A surge of empirical research demonstrating flexible cognition in animals and young infants has raised interest in the possibility of rational decision‐making in the absence of language. A venerable position, which I here call “Classical Inferentialism”, holds that nonlinguistic agents are incapable of rational inferences. Against this position, I defend a model of nonlinguistic inferences that shows how they could be practically rational. This model vindicates the Lockean idea that we can intuitively grasp rational connections between thoughts by developing the (...) Davidsonian idea that practical inferences are at bottom categorization judgments. From this perspective, we can see how similarity‐based categorization processes widely studied in human and animal psychology might count as practically rational. The solution involves a novel hybrid of internalism and externalism: intuitive inferences are psychologically rational (in the explanatory sense) given the intensional sensitivity of the similarity assessment to the internal structure of the agent's reasons for acting, but epistemically rational (in the justificatory sense) given an ecological fit between the features matched by that assessment and the structure of the agent's environment. The essay concludes by exploring empirical results that show how nonlinguistic agents can be sensitive to these similarity assessments in a way that grants them control over their opaque judgments. (shrink)
Michel de Montaigne famously argued in “Man is No Better Than the Animals” that humans and non-human animals cannot be dichotomized based on language or reasoning abilities, among other characteristics. This article examines a selection of writing features at play in the text and discusses how successfully they convey Montaigne’s claims. Throughout, I argue that Montaigne presents a superficially convincing case for doubting a categorical distinction between humans and animals on linguistic and rational grounds through the use of rhetorical questions, (...) listing, appeals to authority, point of view, imagery, and narrative anecdotes. However, Montaigne’s rejection of a human/animal distinction appears self-refuting since the form and content of his text both suggest that humans typically possess some degree of unique language and reasoning capacities. (shrink)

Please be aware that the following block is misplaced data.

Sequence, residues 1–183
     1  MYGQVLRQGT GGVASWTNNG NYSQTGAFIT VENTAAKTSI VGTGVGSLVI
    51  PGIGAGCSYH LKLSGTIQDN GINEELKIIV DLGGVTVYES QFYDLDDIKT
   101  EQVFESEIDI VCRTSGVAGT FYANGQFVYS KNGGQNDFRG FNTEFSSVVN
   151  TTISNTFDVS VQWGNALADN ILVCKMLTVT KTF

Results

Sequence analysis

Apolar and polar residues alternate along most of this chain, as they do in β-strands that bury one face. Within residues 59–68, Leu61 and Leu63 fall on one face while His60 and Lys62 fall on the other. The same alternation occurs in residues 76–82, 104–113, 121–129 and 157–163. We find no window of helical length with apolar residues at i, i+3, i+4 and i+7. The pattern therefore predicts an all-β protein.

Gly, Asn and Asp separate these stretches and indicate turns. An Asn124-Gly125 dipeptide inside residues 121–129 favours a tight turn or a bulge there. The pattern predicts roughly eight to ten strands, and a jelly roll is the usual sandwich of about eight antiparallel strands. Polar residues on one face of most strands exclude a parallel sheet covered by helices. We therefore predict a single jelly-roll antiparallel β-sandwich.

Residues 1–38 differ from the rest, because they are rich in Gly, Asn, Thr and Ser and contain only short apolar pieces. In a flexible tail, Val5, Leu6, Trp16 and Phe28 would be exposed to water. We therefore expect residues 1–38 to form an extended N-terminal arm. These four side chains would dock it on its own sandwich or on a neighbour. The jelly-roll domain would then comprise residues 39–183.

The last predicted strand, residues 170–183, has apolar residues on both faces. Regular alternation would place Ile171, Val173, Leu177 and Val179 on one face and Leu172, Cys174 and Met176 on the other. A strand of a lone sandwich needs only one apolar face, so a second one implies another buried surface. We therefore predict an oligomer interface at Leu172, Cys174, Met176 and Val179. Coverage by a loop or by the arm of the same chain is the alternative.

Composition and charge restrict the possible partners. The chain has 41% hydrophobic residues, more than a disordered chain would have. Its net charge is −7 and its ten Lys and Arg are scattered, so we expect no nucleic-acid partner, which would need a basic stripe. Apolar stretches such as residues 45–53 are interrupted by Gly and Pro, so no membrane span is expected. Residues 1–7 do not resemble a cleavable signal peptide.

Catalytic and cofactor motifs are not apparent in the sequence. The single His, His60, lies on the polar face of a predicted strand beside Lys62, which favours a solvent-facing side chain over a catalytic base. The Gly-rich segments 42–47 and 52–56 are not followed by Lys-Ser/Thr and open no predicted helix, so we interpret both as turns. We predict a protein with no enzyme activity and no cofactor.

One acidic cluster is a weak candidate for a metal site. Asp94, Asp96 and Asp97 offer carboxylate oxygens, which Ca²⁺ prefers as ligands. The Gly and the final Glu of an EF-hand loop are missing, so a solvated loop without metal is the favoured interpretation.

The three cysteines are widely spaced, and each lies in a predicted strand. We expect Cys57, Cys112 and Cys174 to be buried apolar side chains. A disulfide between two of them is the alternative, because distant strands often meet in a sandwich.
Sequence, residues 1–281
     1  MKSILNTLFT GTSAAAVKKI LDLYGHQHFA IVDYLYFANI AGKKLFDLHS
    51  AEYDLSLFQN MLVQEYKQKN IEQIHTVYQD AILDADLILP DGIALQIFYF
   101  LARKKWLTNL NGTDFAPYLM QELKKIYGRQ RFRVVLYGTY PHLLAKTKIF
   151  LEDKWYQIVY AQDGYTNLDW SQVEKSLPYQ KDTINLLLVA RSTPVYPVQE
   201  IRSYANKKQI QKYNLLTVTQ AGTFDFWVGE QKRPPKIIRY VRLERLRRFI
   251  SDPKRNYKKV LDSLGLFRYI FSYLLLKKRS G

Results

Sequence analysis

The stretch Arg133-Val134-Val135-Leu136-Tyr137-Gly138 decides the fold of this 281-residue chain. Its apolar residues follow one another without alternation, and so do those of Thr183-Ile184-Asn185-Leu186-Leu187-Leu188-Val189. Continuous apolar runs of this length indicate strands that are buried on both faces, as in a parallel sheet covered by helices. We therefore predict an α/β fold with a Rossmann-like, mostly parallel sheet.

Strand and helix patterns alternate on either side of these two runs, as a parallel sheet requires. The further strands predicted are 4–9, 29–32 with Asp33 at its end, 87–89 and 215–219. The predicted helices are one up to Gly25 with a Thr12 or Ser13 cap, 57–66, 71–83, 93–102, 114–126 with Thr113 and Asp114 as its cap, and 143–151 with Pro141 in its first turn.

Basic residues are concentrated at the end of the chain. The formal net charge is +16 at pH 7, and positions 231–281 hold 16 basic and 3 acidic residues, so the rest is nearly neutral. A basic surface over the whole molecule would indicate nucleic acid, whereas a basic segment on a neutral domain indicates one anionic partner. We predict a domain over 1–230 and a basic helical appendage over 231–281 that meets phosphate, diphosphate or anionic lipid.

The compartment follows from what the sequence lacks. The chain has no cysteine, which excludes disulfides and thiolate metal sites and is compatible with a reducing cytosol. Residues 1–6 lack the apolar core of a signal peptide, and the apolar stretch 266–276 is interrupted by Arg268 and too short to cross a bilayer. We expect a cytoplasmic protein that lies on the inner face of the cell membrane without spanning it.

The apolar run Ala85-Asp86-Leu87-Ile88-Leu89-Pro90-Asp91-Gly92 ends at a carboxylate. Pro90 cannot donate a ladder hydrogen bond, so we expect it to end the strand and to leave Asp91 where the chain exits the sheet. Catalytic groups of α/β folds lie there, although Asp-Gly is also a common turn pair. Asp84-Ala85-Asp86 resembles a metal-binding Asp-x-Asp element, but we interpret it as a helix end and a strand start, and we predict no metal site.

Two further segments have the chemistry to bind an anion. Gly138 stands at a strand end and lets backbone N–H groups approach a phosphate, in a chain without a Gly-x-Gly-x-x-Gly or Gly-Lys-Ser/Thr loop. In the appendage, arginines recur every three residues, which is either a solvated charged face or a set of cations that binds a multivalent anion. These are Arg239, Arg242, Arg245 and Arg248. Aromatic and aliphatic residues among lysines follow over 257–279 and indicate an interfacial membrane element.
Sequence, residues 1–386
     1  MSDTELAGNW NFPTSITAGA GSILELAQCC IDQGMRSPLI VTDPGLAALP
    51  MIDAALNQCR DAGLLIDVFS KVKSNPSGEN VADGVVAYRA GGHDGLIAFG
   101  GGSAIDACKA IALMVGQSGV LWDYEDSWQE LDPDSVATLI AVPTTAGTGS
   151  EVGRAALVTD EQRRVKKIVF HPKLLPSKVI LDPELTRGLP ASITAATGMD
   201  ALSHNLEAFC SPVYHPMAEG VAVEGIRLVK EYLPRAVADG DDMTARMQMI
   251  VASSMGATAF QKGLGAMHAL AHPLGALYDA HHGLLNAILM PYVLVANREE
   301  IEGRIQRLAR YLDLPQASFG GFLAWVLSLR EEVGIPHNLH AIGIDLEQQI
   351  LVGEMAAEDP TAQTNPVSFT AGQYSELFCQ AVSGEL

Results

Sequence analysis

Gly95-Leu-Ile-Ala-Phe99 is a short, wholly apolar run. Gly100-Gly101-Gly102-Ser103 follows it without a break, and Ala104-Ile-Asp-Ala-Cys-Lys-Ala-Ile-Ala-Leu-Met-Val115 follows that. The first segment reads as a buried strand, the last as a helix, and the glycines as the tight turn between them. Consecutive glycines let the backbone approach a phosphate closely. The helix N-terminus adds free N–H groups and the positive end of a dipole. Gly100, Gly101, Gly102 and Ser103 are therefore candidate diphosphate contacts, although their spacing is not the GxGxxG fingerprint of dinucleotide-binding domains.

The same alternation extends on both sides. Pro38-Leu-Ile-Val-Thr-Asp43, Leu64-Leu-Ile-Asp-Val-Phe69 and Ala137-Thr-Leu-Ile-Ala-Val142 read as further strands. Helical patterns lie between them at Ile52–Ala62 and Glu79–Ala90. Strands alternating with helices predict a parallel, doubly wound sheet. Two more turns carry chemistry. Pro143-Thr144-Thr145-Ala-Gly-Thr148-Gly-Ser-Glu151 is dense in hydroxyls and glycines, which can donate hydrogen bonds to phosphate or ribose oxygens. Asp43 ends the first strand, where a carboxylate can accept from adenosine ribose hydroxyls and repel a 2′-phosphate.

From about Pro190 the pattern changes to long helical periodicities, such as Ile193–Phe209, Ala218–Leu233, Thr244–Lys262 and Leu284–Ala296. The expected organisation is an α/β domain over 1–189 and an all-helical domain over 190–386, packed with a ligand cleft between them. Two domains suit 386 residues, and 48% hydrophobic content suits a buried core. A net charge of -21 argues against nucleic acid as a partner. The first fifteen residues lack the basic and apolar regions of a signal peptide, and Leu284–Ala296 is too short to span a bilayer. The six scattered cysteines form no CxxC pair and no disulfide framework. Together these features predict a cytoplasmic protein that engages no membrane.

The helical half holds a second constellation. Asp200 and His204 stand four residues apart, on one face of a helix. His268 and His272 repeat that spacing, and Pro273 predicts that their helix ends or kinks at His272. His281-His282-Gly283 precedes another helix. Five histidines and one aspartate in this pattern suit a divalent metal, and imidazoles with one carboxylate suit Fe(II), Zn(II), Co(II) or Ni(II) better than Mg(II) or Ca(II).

Are animals moral agents? In this article, a theologian and an anthropologist unite to bring the resources of each field to bear on this question. Alas, not all interdisciplinary conversations end harmoniously, and after much discussion the two authors find themselves in substantial disagreement over the answer. The article is therefore presented in two halves, one for each side of the argument. As well as presenting two different positions, our hope is that this article clarifies the different understandings of morality (...) in our respective fields and will help to offset confusion in interdisciplinary dialogue. In what follows, we each present our case. In the first section, Adam Willows argues that moral activity necessarily involves the use of reason, symbolic thought, and language and is on that basis an exclusively human affair. In the second, Marcus Baynes-Rock discusses his experience of relationality with other creatures; a relationality which, he argues, creates a shared understanding of obligations which are characteristically moral. (shrink)
In a number of articles, Hans-Johann Glock has argued against the »lingualist« view that higher mental capacities are a prerogative of language-users. He has defended the »assimilationist« claim that the mental capacities of humans and of non-human animals differ only in degree. In the paper under discussion, Glock argues that animals are capable of acting for reasons, provided that reasons are construed along the lines of the new »objectivist« theory of practical reasons.